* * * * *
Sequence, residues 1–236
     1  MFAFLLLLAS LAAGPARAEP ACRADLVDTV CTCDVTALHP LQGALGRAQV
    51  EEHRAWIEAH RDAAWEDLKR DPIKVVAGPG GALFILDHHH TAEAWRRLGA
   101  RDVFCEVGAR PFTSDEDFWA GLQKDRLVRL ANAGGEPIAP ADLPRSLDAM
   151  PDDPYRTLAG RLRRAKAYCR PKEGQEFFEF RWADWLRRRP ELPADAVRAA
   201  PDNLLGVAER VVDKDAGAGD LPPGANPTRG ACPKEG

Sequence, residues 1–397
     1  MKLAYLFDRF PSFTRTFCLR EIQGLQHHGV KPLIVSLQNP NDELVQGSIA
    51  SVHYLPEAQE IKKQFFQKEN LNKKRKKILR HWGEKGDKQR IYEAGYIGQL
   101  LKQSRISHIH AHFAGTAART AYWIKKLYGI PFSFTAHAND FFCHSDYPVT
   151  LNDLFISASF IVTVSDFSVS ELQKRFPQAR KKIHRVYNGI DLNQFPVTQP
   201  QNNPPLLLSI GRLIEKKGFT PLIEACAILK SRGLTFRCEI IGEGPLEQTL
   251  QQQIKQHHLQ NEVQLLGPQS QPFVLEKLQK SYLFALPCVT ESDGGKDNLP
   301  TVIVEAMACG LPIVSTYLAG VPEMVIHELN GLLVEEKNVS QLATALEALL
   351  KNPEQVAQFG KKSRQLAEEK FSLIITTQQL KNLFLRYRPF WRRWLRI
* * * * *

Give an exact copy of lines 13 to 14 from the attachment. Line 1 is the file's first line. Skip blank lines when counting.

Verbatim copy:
   251  QQQIKQHHLQ NEVQLLGPQS QPFVLEKLQK SYLFALPCVT ESDGGKDNLP
   301  TVIVEAMACG LPIVSTYLAG VPEMVIHELN GLLVEEKNVS QLATALEALL